More symplectic notation

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  • #1
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I have some trouble understanding the attached section of my book. Basically I can't see why the marked equations are equivalent - that is the first two are contained in the last one. I can follow the derivation but when I do an example for myself where I just have two variables (q,p) being transformed to (Q,P). I get the condition from the symplectic condition that some determinant (actually the Jacobian defined in my last thread) equal 1 which does not seem equivalent to the equations 9.48. If the reader does not remember the matrix J I have attached that too on my own example. I am right in assuming that eqs. 9.48 should follow from the symplectic condition right? It certainly seems from the book that this condition is just a nicer way of writing eqs. 9.48 (although they look pretty nice to me already? - is there a sum or something?) so I would think so.
 

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Answers and Replies

  • #2
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9.48 and 9.55 are equivalent because they are derived in exactly the same way, just in slightly different notation. As to why the form is different from your worked example, this is because you did not really convert between (q, p) and (Q, P) when you transposed the Jacobian matrix, so you did not have derivatives with regard to different sets of variables as in 9.48.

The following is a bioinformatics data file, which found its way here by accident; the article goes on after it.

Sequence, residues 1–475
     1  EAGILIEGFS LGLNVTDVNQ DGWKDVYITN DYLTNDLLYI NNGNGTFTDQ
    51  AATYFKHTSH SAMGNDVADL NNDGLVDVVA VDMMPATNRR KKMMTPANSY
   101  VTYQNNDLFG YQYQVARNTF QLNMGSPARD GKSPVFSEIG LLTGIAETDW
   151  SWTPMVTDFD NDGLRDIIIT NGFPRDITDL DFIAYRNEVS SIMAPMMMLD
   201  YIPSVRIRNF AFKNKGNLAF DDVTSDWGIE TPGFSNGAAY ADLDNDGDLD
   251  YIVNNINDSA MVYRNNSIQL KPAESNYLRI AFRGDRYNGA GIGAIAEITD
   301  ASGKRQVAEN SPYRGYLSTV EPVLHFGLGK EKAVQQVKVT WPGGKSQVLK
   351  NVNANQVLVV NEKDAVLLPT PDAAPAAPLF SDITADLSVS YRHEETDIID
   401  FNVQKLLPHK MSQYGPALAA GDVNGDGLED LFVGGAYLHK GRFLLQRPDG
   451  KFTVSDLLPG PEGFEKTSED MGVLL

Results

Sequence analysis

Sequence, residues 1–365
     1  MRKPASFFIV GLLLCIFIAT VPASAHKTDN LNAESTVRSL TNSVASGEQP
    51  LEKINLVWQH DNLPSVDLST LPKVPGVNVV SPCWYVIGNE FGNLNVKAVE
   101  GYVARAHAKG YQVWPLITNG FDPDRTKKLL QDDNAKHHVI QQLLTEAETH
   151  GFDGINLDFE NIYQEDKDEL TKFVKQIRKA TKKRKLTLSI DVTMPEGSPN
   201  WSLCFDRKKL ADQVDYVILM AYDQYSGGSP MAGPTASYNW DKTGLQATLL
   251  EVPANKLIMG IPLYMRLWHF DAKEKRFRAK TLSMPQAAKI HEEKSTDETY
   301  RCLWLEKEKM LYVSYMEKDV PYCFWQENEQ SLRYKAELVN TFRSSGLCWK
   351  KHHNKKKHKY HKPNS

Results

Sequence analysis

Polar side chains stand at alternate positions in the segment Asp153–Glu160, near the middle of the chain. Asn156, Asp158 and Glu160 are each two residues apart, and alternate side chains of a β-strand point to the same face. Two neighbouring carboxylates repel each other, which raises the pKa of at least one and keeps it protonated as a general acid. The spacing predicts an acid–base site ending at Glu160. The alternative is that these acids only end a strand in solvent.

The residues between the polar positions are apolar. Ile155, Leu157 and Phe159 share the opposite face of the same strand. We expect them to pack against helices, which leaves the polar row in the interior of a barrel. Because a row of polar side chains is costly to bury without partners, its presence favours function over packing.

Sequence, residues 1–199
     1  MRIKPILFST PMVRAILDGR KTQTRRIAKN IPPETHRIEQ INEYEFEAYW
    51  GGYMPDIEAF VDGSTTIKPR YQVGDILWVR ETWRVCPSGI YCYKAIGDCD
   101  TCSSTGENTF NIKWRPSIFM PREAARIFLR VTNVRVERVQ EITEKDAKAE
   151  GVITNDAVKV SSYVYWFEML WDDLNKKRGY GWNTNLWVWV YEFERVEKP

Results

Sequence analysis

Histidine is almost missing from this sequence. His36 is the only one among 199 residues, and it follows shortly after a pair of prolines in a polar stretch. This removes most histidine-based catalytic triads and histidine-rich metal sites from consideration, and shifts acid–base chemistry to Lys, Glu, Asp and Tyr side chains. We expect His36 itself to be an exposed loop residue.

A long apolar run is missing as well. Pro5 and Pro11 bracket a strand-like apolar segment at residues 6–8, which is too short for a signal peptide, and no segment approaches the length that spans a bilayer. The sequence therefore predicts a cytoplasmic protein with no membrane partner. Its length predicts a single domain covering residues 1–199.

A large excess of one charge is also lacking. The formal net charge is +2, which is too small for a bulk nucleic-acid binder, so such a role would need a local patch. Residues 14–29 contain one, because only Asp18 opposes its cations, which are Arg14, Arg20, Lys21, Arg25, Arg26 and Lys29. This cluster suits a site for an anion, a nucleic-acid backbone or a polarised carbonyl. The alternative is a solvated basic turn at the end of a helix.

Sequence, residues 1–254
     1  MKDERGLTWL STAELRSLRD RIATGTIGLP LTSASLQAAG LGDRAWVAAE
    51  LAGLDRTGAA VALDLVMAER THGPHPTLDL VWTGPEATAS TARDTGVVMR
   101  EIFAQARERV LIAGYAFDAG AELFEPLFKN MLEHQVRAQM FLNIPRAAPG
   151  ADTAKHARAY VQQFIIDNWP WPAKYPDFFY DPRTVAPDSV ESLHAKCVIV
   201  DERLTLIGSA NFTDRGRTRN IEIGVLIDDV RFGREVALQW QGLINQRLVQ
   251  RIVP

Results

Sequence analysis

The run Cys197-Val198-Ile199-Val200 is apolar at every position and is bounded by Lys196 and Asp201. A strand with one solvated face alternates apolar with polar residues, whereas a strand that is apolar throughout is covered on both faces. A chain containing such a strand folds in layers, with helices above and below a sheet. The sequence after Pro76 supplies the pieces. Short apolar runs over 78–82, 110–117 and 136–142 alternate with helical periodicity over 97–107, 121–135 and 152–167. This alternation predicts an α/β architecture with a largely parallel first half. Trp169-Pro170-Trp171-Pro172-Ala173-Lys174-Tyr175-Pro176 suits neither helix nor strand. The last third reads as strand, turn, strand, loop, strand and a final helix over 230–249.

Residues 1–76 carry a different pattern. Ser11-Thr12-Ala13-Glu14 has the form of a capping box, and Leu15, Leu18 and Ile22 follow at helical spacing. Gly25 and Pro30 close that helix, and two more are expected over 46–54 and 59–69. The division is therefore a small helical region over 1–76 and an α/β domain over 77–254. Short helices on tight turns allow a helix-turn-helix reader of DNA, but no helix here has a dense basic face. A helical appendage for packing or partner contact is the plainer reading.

• #3
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But I transposed correctly right? If I am to make the expressions equivalent should I just switch variables in one of the matrices M and M(transpose)?
 
  • #4
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You can prove that equivalence. But that will involve the kind of tedious partial derivatives gymnastics you disliked in a recent thread :)
 
  • #5
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didn't dislike it, just wasn't very good at it - practise is good.
 
  • #6
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Well, here is your chance to practice that!
 
  • #7
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I'm just rather confused of the sentence: "The algebraic manipulations that lead to eqs. 9.48 can be written in an elegant manner with use of the symplectic notation."
It seems that the books says that the symplectic condition is another way of writing eqs. 9.48.
Maybe I don't understand why it is exactly the same approach that is used for the two derivations. In the first you only look at the dQ/dt and dH/dP. In the other you look at the derivatives of the q's.
 
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  • #8
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And that is true. Both methods ultimately deal with the partial derivatives of q, p, Q. P with respect to one another. But the symplectic notation invokes the Jacobian matrix from the beginning, thus avoiding having to deal with all that massaging one derivative into another to get the required condition.
 

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